I have heard the following questions from meeting planners lately: "When my ministry is seeking to make the most out of the retreat, do we even have time for extracurricular activities?" "We're really trying hard to cut costs so we're only spending money on the essentials for our retreat this year." "It’s not that going on retreat isn't important to us... Our real concern is how do we get the most out of our retreat without overspending?"
As you're planning your group's retreats, regardless of the state of the economy, or whether or not your budget is tight, start by assessing your goals and objectives for the event. Take time to pray for guidance from God for your event as a whole and specific decision your planning team has to make. Survey your group members, find out topics that they would like to hear in services and small groups. Do they feel connected to the group, do they like icebreakers or do they think those kind of games are lame? What is the most memorable thing about previous retreats?
For example, let's say you survey your youth group and find out that especially the 6th graders want to spend some time getting to know the other students. Sounds like some get-to-know you games might be important... But the students also think that icebreaker games are kind of lame because they have played the 'go around the room and collect signatures from people who have brown eyes' game a dozen times. From talking to students who attend retreats at our properties or team building event, that's probably a somewhat common response. It might be time for a new approach and creating an event budget around some of these extras would be worth it. At Lake Williamson we have several team building courses and programs to facilitate a group through. Our team building facilitators use your event goals in their instruction and education!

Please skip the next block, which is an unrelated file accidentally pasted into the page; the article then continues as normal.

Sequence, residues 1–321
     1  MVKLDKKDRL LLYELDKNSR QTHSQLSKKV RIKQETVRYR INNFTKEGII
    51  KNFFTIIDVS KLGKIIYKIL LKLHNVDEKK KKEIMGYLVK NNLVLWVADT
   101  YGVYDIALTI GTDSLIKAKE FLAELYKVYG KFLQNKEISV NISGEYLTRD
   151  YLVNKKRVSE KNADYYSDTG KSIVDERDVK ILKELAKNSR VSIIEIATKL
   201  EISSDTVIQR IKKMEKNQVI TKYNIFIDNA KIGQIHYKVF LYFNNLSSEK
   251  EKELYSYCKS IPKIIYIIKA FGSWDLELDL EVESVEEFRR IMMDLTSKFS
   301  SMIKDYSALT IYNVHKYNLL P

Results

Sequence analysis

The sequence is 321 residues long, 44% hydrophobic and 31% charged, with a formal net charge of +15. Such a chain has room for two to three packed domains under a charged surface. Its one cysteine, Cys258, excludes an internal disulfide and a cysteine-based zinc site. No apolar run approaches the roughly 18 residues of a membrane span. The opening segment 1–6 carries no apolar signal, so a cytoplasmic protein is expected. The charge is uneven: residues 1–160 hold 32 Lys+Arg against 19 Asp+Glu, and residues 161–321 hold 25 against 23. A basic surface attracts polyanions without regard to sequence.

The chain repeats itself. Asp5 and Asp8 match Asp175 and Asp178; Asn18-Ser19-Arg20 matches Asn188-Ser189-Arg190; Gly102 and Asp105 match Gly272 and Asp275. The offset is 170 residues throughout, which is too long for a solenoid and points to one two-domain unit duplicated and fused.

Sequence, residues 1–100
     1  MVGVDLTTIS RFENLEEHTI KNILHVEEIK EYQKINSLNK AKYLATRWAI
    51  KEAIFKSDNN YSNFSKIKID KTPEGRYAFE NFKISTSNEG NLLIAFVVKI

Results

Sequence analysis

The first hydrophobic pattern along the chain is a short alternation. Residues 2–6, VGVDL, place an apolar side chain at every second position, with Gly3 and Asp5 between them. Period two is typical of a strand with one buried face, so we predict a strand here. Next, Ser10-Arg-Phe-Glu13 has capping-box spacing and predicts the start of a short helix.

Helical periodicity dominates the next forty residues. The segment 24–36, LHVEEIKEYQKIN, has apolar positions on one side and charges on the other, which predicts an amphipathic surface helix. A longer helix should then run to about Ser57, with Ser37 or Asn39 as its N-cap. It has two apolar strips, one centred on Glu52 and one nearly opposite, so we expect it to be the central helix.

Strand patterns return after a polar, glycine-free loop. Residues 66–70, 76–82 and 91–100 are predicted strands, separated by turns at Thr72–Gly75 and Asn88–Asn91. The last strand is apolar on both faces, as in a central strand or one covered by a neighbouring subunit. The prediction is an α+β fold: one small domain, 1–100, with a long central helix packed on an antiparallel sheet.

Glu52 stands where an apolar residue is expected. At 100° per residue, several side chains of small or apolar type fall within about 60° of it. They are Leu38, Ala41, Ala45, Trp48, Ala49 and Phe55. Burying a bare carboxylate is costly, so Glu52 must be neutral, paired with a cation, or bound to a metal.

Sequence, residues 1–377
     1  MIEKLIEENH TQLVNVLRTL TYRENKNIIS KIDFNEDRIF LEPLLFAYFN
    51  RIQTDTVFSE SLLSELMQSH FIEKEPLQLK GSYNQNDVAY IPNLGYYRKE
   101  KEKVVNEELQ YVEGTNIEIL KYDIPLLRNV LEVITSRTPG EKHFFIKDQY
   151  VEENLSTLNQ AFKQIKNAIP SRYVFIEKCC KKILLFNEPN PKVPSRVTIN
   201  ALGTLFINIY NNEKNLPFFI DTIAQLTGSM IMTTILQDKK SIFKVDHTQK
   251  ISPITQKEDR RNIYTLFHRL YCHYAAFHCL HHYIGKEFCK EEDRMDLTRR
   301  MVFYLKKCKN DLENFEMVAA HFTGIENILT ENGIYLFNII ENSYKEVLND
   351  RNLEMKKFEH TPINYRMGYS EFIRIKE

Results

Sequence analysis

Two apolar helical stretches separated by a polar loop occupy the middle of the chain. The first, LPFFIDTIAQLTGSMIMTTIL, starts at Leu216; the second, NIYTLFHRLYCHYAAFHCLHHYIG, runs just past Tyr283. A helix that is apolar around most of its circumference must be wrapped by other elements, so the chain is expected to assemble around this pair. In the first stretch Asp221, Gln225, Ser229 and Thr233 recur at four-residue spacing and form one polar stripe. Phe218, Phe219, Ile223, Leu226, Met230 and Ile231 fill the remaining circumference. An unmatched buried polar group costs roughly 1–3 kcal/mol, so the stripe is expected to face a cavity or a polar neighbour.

In every event that you plan, be intentional. If one of your goals is to create stronger communities in your youth group then plan events that will help you achieve that goal. For example, your youth group goes to the beach, be sure that while your students are at the beach that all of their counselors are there and playing along or at least watching. In these informal times and extracurricular activities the foundations for relationships are laid. Later, when your students are presented with an altar call or are have questions during small groups they have already started building trust with the counselor. Don't let moments like playing a board game in the café or basketball in the gyms pass by because those are opportunities to start relationships that are going to count later.
Use the information you know about your group, surveys from potential attendees, and your event goals to dictate the schedule of events. There isn't a one size fits all agenda. Create a balanced event between meeting, worship, and play. Remember to give what you would consider less-important schedule items like meals, night-time wind down, and transition times plenty of attention in the schedule so your attendees not only have time to recharge but during these informal times are when meaningful connections happen.
While planning an event at a Christian Retreats Network property our planners will assist by providing all your amenities packaged at one convenient rate per person. We have a no surprises policy. This is in-turn allows planners to add some additional activities to their event knowing they're going to stay within budget. Need a budget tool? We've got a free one available for download here.